It was the stuff dreams were made of: tables piled high with books as far as the eye could see, all for no more than $2 each. The Cleveland Public Library was having a book sale, so naturally I’d rounded up a group of my fellow interns and convinced them to make the five-minute walk over to Superior with me on our lunch break (although I was so stoked about it that I would have gone by myself even if nobody else had wanted to come).
It was there at the sale that I found it: a thin pink paperback, wedged among hundreds of other books. The Single Girl’s Guide to Meeting European Men. I immediately grabbed it and ran to find one of the other interns who had come with me to the library. In just a few months, I’d be heading off to Spain to teach English and she’d be boarding a plane to Milan, Italy to study abroad. At first, we thought the book was satire, but after flipping through it we discovered that the author had written it under completely serious intentions.
We got a good laugh out of it and joked about buying it to share. After all, we were a couple of single girls heading off to the land of magical fairytale romance and dudes with intriguing accents, but as two relatively smart women we obviously knew the book was BS.
The truth is that if anyone could have used “advice” from a stupid dating book, it was me. I’d broken up with my last serious boyfriend at the end of high school (on the day of senior prom, if you can believe that) and remained the perpetually single friend all throughout college. To rub salt into that wound, most of my friends were couples, and although none of them overtly went out of their way to make me feel bad about myself, it was bound to happen every once in a while. Like every time we went out to dinner as a group and the server asked how we wanted to split up the checks: “Us two are together.” “We’re on the same check.” “I’m paying for hers.” And then… “Just me.”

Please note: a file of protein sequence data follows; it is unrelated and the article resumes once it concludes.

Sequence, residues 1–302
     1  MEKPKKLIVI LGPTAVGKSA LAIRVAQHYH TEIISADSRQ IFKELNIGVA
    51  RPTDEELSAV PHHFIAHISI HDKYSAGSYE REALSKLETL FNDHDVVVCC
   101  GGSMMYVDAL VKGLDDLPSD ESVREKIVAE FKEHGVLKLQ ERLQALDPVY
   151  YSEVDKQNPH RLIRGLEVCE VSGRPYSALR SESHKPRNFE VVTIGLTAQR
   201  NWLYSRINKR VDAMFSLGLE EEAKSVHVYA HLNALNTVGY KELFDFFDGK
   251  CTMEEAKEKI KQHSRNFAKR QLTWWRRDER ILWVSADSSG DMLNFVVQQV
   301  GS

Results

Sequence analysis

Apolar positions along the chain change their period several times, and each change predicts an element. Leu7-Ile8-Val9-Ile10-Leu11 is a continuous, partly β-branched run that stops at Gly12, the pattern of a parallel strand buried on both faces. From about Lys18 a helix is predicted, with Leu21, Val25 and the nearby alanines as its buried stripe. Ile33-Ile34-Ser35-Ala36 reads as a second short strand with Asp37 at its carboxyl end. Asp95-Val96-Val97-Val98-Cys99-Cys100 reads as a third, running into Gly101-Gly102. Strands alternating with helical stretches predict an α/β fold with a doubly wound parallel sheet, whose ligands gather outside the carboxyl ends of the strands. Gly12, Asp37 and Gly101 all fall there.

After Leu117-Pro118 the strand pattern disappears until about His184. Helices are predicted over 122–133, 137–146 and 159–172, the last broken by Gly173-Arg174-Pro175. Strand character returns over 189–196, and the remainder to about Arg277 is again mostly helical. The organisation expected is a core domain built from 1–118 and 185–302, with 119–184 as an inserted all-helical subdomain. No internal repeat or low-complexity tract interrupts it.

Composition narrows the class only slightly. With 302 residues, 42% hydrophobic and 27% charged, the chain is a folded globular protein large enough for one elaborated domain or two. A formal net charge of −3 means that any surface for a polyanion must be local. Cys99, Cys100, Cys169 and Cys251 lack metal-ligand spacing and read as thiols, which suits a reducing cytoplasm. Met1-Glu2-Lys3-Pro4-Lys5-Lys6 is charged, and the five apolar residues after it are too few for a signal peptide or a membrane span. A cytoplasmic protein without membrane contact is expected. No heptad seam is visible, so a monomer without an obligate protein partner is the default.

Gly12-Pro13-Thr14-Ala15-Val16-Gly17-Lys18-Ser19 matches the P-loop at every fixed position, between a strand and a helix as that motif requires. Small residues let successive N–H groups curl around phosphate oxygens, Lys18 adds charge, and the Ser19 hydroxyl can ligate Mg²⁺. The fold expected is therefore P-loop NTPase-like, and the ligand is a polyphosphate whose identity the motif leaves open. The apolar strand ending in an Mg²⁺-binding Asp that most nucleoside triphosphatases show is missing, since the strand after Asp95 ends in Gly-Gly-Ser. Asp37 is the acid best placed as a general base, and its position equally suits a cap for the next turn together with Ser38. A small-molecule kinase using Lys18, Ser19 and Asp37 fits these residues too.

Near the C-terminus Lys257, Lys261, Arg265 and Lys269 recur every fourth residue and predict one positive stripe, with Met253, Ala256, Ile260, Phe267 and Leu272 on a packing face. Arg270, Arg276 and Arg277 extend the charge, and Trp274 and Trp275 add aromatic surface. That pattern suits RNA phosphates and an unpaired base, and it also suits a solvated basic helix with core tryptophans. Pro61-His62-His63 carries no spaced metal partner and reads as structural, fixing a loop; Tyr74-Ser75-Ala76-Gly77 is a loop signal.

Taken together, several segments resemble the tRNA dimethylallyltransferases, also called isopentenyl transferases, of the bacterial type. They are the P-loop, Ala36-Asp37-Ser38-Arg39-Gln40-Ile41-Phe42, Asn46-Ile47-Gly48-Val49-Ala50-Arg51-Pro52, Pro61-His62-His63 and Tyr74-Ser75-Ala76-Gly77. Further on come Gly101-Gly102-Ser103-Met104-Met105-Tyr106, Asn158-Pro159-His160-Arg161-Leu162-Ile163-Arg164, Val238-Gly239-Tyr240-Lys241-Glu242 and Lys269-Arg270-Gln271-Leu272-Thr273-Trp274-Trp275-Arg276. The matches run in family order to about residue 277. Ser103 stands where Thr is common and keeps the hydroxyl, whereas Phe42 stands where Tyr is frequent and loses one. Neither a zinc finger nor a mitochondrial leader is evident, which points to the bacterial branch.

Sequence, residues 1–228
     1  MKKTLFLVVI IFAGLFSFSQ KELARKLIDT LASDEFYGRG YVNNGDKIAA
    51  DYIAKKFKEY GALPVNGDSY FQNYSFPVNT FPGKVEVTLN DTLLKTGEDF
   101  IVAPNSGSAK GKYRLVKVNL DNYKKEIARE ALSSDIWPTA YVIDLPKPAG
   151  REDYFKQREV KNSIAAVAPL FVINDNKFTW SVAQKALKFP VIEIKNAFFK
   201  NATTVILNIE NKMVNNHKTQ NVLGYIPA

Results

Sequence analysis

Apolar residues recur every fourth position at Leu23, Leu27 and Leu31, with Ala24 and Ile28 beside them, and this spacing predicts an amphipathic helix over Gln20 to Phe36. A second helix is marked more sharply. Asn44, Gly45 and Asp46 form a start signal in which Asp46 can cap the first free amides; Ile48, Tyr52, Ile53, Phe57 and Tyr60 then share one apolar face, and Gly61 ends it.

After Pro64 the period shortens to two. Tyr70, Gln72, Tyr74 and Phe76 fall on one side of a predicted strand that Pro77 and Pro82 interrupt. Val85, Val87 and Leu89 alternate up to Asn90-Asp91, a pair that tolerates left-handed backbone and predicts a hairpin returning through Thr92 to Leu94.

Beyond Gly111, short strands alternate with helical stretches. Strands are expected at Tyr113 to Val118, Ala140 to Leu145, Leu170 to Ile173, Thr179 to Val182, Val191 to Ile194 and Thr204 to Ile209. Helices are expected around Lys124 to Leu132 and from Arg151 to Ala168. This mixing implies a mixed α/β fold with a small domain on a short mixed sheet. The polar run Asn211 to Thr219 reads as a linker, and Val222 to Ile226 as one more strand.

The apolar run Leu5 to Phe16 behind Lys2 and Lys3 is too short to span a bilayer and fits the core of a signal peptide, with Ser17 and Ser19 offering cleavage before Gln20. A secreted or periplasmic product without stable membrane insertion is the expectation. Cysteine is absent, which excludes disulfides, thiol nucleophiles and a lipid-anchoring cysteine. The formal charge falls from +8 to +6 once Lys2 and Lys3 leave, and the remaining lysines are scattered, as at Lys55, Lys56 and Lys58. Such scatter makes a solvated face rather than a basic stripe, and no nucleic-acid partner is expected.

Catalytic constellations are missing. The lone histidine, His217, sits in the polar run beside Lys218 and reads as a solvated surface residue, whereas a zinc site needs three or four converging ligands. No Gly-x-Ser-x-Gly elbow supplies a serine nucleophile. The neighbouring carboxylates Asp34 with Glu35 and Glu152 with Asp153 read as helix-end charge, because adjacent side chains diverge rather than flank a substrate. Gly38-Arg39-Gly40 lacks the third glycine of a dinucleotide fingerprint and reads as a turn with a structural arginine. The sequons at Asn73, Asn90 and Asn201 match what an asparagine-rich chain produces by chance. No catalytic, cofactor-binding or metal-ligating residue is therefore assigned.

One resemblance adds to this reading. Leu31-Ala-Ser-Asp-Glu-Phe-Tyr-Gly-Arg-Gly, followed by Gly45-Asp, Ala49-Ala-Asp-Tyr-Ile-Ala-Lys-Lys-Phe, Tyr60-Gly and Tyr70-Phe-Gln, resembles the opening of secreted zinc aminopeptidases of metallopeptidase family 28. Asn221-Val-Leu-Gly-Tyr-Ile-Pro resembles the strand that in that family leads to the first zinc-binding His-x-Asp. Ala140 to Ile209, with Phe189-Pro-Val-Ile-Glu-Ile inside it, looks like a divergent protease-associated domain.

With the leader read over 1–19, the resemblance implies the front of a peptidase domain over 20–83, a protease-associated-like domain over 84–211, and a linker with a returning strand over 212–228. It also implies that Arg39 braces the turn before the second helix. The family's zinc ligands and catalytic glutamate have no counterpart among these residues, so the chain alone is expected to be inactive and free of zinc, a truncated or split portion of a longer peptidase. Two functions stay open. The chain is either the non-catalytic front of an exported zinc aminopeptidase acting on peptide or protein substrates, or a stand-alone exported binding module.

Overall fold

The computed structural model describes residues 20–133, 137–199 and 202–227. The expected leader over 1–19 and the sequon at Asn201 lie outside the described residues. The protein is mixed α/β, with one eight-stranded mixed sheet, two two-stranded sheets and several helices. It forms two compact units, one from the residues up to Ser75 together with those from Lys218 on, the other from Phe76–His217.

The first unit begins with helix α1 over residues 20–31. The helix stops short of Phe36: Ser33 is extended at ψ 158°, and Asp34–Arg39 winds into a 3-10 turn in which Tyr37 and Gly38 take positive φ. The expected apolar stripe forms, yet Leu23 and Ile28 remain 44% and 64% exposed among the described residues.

Without a doubt, the server would give the table a once-over, mentally pairing everyone up, and their pitiful gaze would land on me as they did the math. I wanted to crawl under the table and die.
So I was surprised as anyone when I met my boyfriend three weeks after I arrived in Spain (no cheesy book needed!). In case you were wondering, yes, he’s Spanish. I usually don’t mention that unless it’s necessary for context in a conversation or if it happens to come up somehow. Despite the title (did you catch the reference?), this isn’t going to be a post about how you, too, can go out and find yourself a Spaniard, because there’s more to it than that. Besides the fact that fetishizing someone just for their nationality is kind of weird, simply put, a Spanish guy is just a guy who happens to be from Spain. Ya está.
But it’s also complex in many different ways. Although it takes work to explain cultural differences and we’ve shared multiple laughs over me making embarrassing mistakes in Spanish (well, I laugh at myself, he’s nice about it but is probably secretly laughing as well), that’s part of what makes the relationship so great. The real novelty of dating someone from another country isn’t the fact that they have a sexy accent or whatever it is girls have in mind when they post in the auxiliares Facebook group about “wanting to fall in love with a Spaniard.”
For me, one of the best parts is the fact that we will never run out of things to talk about. Because we grew up on different sides of the same world, we have so much to share and teach each other as our relationship continues to evolve. We each learn something new from the other every day. It’s not always as easy as dating someone who you have everything in the world in common with, but it’s worth all that and more.